ATLANTA — So this is where the LSU Tigers find themselves, with their Geaux bateau setting a course for the national championship game:
They have run to so much daylight between themselves and the allegedly stiffening competition, they have set impossible standards for themselves to find a worthy challenge.
The matchup of Tigers -- and Death Valley legitimacy -- is set: The No. 1 LSU Tigers will face the No. 3 Clemson Tigers in the College Footbal…
“We’re still chasing the perfect game,” quarterback Joe Burrow said Saturday after LSU went boomer on the Oklahoma Sooners 63-28 on the strength of what may have passed for a darned near perfect first half.
Maybe it was more than that. But not by much.
“For about three quarters we played a complete game,” coach Ed Orgeron said.
If that’s so, it’s only because the Tigers were already ahead 56-21 going into the fourth, so far out of Oklahoma’s reach it would have needed a nuclear-powered Sooner Schooner to catch up (the ponies Boomer and Sooner were not up to such a marathon task). By the time it was over, Burrow was up on the concourse ordering one of those reasonably priced beers Mercedes-Benz Stadium is known for while Myles Brennan quarterbacked the coup de grace touchdown drive.
If it wasn’t perfect, it was close enough to make LSU a favorite over whichever team survived the Fiesta Bowl, Clemson or Ohio State, when they play for the College Football Playoff national championship Jan. 13 in New Orleans. No one can compete with LSU’s résumé, which now counts six of its school record 14 victories against teams that were ranked in the top 10 at the time. Three of those — Florida (42-28), Georgia (37-10) and now Oklahoma — were by double digits.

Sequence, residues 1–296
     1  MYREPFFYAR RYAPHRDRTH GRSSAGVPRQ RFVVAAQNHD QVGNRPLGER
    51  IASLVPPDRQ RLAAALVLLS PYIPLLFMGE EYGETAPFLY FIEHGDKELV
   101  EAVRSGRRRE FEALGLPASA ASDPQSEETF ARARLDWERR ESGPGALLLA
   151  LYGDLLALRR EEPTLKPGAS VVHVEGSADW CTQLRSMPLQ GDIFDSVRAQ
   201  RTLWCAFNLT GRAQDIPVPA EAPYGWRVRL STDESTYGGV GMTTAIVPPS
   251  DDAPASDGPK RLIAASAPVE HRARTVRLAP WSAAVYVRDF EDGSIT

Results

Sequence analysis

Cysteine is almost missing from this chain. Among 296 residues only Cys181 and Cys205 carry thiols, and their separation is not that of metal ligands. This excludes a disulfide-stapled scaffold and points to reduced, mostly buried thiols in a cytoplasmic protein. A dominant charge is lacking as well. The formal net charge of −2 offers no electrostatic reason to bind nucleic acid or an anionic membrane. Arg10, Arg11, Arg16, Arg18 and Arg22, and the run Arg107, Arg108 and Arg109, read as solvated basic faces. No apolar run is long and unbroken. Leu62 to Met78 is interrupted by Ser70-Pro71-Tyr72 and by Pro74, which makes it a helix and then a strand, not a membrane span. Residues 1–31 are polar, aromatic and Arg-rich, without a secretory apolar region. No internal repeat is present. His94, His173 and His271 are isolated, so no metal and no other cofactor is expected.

“We go into every game thinking nobody can stop us,” Burrow said. “That’s the way we think.”
It may have been that thinking that led to LSU linebacker Patrick Queen’s bulletin board-worthy boast at Thursday’s Peach Bowl media day.
When asked about the Sooners, Queen said flatly, “We’re going to dominate them.”
It may have been bad form, but he didn’t lie.
ATLANTA — Some people call New Orleans "The Big Easy." That may as well be the nickname of LSU's 63-28 Peach Bowl victory over Oklahoma — perh…
After Oklahoma forced a 7-7 tie midway through the first quarter, the Tigers made the Star Wars-like jump to light speed.
The rocket man, once again, was Joe Burrow.
Burrow’s record Heisman Trophy-winning landslide two weeks ago over OU quarterback Jalen Hurts and the rest was but a precursor to Saturday’s onslaught. Running through his progressions like a Hurst racing gear shift, in one breathtaking gulp of football Burrow threw an FBS record tying (for a half) and FBS bowl record-setting seven touchdown passes as LSU took a 49-14 lead at the break.
He scored on a 2-yard keeper in the third quarter. Clearly his production from one half to the next indicates Burrow is slipping.
“To be honest,” Burrow said, “it wasn’t my sharpest game.”
Burrow may be setting a record for record breaking, but he had no time for reflecting on any of that.
“Jan. 13 is the record we’re worried about,” he said.
LSU has been rewriting the record books all season faster than the ink can dry -- and that was especially true in a Peach Bowl rout of Oklahoma.
There are so many numbers to attach to Burrow’s greatness they are almost becoming numbing by their sheer weight. But draw this card out of the deck: He now has 71 career touchdown passes in 27 games at LSU, breaking the record of 69 it took Tommy Hodson 44 games to set from 1986-89 (stats from his three bowl appearances did not count).
“I told my family at Christmas that he might get five or so against Oklahoma,” Hodson said from his home in Baton Rouge. “I thought it would be for the game, not halftime.”
Hodson has an appreciation for Burrow’s brilliance that only a fellow quarterback could possess.
“He’s throwing it on the spot to the right person,” Hodson said. “The scheme is great, but still you have to have a guy stand in the pocket and do it. When you spread the ball like that you have to have great vision, great decision-making skills.
“It’s pretty to watch.”